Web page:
Monday, September 19, 2011
Catherynne M. Valente: The Girl Who Circumnavigated Fairyland in a Ship of Her Own Making
This week, I'm back to blogging after a long hiatus from all things online. Kevin and I moved this summer so I decided to take some time off. And guess what? It can be done, people: I did not blog, tweet, or facebook for nearly three months! (Well, barely. I did log on to write a post about my ill-fated softball career for the ACLA Summer Reading blog.)
While it was good to have a break, I'm glad to climb out of the avalanche of (still) unpacked boxes and return to some semblance of normalcy and routine. And speaking of the ACLA, I'm back to my schedule of writing monthly book reviews for them as well. Hope you all had a great summer!
One of my favorite reading experiences this summer was actually not a reading experience at all. While I was pulling vintage 1980s wallpaper off the walls of what is now my new music room, I listened to the audiobook of Catherynne M. Valente's The Girl Who Circumnavigated Fairyland in a Ship of Her Own Making.
Here's what you should know: everything about this book is remarkably endearing.
One day, a young girl named September finds herself whisked away from Omaha and into Fairyland by the Green Wind. What follows is a quest story that is full of so many unexpected and marvelous twists and turns that I hardly noticed my messy wallpaper task at all. I was completely caught up in September's new world.
Words that pop into my mind are: delightful, wonderful, joyful. But these words can be saccharine and aren't what I mean to say at all. Valente's book is filled with delight and wonder and joy in the old-fashioned, hushed sense of the words. Like a walk through the woods when the sun is slanted just right through the trees and that odd noise could be a deer, or a trick of the wind, or the strange laughter and music of an honest-to-goodness fairy circle.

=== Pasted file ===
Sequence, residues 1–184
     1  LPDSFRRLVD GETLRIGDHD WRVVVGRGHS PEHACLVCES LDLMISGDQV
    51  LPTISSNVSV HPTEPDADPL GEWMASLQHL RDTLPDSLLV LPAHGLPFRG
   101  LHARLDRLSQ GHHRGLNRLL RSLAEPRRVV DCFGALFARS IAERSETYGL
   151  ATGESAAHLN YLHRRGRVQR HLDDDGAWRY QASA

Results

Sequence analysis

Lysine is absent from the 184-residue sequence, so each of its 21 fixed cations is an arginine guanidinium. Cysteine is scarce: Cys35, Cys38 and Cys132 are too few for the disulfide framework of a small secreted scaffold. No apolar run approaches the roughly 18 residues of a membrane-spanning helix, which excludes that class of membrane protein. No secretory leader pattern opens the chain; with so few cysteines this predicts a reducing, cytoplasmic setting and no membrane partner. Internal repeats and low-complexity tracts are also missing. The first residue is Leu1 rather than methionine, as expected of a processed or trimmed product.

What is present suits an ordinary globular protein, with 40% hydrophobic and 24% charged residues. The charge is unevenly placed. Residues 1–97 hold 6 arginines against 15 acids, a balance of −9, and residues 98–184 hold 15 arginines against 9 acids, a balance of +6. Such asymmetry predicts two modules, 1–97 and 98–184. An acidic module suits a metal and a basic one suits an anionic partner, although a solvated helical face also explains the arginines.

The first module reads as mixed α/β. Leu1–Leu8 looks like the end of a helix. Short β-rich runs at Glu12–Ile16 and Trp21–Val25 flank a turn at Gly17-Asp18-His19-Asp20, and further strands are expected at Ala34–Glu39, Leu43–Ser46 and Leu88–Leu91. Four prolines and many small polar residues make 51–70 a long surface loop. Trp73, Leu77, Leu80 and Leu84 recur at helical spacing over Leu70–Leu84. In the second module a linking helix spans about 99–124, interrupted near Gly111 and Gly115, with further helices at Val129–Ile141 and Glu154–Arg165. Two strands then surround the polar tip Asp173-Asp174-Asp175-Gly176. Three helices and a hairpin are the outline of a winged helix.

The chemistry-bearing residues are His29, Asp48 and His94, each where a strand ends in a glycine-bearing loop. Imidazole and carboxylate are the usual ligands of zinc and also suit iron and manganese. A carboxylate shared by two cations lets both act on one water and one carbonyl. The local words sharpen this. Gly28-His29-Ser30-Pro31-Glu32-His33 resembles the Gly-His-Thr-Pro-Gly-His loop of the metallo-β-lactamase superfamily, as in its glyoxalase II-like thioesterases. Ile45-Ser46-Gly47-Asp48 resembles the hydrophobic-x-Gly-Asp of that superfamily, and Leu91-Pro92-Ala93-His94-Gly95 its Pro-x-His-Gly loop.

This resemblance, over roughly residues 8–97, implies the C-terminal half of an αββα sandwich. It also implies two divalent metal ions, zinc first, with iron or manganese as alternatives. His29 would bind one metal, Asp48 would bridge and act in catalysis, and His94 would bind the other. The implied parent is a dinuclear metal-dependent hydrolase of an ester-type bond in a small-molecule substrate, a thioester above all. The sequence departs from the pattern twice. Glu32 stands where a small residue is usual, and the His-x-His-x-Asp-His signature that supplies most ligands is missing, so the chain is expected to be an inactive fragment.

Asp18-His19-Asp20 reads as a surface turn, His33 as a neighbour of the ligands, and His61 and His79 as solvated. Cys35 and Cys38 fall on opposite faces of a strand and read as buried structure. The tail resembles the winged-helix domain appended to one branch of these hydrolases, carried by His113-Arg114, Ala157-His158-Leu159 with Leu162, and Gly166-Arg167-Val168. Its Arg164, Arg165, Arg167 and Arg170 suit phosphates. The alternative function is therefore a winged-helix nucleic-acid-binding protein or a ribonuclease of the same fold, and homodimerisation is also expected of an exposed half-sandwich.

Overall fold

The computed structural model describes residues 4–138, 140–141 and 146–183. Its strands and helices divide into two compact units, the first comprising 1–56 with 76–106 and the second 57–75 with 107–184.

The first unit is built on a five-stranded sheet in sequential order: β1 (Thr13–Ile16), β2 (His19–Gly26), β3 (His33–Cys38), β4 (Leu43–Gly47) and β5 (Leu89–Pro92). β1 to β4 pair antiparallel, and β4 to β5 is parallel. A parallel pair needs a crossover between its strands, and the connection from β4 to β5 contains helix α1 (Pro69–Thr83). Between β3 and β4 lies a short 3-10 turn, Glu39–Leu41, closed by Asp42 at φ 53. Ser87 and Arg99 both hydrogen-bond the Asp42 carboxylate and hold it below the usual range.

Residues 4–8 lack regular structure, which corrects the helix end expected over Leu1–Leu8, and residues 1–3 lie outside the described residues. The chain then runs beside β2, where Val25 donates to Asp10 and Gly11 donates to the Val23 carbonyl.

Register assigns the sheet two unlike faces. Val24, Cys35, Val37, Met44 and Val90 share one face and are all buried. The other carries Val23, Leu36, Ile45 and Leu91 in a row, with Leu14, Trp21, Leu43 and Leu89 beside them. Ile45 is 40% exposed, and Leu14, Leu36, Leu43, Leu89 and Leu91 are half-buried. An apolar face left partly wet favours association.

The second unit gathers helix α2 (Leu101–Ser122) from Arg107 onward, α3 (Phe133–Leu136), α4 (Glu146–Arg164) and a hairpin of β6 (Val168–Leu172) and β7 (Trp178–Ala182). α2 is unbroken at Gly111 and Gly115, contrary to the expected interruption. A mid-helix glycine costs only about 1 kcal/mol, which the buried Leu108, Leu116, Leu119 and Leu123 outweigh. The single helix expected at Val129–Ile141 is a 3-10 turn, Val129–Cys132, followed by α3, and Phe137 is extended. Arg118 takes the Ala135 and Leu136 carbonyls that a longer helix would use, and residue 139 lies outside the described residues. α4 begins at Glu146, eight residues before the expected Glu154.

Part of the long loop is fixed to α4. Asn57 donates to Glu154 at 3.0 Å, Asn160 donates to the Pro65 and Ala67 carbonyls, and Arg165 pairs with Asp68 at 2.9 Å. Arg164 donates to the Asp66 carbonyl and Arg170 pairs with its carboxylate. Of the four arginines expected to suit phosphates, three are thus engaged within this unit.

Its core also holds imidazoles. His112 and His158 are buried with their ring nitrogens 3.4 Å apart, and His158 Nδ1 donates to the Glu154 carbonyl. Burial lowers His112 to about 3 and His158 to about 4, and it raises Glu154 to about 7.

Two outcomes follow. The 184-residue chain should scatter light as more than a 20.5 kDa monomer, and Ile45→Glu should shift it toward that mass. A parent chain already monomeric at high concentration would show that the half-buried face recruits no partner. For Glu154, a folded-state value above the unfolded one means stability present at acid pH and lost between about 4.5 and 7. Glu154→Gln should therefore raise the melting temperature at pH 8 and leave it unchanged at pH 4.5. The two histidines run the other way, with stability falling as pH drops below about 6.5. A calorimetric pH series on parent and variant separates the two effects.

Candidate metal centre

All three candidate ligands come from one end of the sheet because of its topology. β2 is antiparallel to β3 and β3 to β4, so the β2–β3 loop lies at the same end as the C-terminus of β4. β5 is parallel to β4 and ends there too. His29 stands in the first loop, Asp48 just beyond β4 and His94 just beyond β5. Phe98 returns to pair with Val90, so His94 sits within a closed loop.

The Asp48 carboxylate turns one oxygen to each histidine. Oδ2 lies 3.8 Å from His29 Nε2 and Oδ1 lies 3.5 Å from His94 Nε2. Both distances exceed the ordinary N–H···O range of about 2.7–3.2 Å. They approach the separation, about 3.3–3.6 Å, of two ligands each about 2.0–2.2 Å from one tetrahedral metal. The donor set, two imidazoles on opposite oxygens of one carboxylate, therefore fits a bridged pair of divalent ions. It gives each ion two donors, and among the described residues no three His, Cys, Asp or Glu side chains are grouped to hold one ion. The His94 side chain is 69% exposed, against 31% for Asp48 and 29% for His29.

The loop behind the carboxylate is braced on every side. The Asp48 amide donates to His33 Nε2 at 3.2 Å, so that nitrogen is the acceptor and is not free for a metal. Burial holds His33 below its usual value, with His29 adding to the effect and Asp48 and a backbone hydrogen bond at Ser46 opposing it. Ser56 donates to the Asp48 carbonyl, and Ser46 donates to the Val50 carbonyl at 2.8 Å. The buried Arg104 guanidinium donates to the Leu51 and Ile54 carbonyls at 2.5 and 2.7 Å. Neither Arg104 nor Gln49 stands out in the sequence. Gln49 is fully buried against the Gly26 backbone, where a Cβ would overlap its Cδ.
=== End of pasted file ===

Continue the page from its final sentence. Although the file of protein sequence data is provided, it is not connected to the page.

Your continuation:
Valente's Fairyland is fantasy, but it has more in common with old-fashioned Faerie stories or Tolkien than it does with the modern fantasy stories of Harry Potter and the like. It is surprising and challenging and very, very strange. Valente manages to create a sense of wonder that feels like it's from another time, and yet September is so relevant, so likable, droll, and modern, I'm certain kids of all ages and times will be able to relate.
Apparently, there are plenty of people out there who did not like this book. Well, that's why there's something for everyone, I guess. (For more on this, you can read the effervescent Betsy Bird's review and discussion of the divisive nature of Fairyland at her School Library Journal blog.) As for me, this goes into my 5-star top-ten for the year category. Hands down.
Also posted at the ALCA Youth Services blog.